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This simple question evokes several responses and clarifications needed:
- Did the playwright take his readership into consideration, or was he only interested in reactions of a live audience at the theatre?
- Is “sadness” a legitimate term to use in analyzing theatre or literary reactions?
- What does “supposed to” mean in our society?
This play is an Elizabethan tragedy, by which is meant that it conforms to Aristotle’s criteria for a tragedy as laid out in his Poetics: A high figure falls from a high place, affecting a community, bringing “catharsis.” This last term means a cleansing, a coming back to balance, both for the affected community and for the audience (or readership). Catharsis is not exactly “sadness” but could be considered “seriousness” or “somberness.” “Sadness” is really a personal feeling of sorrow connected by empathy with the sufferer. Finally, modern literary critics and writers question the “supposed to” of literature, finding the reader’s response, whatever it is, to be self-arguable.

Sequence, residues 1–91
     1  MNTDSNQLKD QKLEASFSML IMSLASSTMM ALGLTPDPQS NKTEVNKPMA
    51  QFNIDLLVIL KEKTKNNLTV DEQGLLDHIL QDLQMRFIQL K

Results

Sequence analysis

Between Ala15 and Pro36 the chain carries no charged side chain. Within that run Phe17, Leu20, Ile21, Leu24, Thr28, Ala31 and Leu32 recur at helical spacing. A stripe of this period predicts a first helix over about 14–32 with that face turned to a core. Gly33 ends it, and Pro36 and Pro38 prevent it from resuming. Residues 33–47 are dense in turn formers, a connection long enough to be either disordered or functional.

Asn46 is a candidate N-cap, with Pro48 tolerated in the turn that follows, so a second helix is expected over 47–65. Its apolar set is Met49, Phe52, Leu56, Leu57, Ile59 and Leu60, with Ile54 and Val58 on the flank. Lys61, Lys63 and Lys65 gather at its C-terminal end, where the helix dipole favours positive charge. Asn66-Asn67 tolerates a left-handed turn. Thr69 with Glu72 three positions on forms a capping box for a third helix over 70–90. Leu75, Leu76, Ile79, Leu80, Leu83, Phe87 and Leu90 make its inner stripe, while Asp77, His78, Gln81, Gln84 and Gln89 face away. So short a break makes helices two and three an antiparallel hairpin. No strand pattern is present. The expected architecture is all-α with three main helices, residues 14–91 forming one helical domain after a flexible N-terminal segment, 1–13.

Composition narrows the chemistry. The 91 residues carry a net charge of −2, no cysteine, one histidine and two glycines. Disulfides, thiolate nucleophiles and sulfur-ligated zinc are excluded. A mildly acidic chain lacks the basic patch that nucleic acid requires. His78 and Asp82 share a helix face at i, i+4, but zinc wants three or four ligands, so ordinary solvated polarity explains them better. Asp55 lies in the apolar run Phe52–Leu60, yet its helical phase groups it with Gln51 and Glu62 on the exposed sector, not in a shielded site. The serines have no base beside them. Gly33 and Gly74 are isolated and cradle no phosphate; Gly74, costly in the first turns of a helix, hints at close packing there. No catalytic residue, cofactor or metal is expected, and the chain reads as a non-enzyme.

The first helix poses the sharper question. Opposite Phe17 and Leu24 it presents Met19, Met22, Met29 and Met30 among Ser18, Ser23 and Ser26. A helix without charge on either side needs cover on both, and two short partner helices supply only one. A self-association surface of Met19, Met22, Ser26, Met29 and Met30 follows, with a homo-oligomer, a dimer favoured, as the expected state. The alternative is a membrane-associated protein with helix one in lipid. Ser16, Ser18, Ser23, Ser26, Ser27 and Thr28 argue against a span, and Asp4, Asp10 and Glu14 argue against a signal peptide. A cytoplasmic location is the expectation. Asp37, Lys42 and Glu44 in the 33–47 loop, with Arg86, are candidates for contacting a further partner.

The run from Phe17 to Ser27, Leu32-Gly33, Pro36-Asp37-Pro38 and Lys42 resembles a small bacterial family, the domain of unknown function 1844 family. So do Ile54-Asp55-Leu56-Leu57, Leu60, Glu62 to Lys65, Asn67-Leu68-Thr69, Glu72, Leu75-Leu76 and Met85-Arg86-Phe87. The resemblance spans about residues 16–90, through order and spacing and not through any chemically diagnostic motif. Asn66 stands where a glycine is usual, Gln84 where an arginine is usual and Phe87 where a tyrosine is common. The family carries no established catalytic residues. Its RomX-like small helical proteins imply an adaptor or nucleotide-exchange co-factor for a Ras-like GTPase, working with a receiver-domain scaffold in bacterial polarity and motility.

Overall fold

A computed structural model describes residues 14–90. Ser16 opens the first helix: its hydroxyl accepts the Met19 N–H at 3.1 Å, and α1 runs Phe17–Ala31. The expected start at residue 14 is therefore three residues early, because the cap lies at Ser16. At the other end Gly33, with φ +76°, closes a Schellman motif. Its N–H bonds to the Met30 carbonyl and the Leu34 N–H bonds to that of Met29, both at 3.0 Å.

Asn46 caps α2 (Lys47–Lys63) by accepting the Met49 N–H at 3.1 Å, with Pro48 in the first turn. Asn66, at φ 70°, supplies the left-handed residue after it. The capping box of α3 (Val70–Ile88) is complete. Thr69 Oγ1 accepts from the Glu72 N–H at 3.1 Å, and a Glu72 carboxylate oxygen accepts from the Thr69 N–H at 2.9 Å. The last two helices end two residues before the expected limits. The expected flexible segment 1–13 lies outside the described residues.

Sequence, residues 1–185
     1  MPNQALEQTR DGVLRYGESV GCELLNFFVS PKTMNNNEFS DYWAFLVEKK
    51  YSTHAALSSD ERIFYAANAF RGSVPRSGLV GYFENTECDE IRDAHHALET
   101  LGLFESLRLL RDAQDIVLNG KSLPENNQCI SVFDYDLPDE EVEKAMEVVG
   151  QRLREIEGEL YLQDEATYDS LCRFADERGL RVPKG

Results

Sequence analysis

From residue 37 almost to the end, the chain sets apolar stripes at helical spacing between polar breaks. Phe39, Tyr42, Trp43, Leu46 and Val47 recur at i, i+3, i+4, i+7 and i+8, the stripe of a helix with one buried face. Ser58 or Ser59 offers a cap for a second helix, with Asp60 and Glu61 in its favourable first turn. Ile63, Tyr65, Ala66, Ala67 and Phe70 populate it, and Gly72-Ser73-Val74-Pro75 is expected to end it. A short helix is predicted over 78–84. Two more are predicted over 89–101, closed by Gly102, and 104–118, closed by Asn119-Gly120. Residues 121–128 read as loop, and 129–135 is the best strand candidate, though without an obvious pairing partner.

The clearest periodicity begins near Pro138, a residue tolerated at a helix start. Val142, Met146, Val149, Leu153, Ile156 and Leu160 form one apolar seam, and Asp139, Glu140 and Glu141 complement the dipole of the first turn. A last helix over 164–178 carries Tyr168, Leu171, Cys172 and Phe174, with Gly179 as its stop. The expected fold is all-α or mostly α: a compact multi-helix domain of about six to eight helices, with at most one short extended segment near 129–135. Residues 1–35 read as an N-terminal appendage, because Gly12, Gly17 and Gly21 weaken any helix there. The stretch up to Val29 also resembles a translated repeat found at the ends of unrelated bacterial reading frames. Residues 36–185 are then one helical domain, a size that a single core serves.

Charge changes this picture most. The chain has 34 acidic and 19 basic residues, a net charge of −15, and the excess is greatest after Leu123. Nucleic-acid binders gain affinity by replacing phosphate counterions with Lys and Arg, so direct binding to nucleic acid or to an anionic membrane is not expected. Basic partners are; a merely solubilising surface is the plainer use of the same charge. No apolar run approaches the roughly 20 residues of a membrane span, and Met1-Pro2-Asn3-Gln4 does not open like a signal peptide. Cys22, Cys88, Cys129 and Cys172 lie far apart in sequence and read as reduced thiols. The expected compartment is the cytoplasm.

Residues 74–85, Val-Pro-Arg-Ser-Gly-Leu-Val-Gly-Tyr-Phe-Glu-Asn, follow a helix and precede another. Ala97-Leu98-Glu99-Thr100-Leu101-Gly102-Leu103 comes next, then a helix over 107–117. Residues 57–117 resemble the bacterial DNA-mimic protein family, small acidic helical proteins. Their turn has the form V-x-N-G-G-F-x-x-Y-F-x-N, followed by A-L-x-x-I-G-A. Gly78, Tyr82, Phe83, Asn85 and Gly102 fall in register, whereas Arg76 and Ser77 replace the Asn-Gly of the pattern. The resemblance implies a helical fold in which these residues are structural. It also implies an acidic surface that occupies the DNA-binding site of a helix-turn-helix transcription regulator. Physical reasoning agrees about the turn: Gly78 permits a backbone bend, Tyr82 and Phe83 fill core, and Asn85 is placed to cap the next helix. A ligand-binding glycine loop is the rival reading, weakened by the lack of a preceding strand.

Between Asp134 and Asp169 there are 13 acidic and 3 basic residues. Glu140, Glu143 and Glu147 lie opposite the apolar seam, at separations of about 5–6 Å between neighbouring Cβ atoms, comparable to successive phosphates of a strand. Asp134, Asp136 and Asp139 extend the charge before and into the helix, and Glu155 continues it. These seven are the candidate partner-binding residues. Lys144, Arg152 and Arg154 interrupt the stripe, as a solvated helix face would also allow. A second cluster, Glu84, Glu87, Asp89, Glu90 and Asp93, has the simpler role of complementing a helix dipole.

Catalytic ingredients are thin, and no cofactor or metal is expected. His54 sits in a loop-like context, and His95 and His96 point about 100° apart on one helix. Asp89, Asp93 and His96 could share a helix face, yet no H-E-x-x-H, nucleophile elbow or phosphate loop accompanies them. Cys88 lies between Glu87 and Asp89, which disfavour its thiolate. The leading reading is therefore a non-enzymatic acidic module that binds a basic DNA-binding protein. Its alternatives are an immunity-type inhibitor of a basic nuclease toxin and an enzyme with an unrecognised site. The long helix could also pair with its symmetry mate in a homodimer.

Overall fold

Having said this, the character of Macbeth is not directly a sympathetic character. After his initial military victories, he does little or nothing “honorable” or selfless. Whether the reader subscribes to the interpretation that Macbeth has a tragic flaw, or that Lady Macbeth’s ambitions are the cause of the play’s outcome, or that the witches’ equivocation is the real culprit, Macbeth’s final “Lay on Macduff, and damned be him who first cries ‘Hold, enough!’” and the defiance it represents, would not be considered sympathetic behavior. So, no, sadness is not required of a modern reader.
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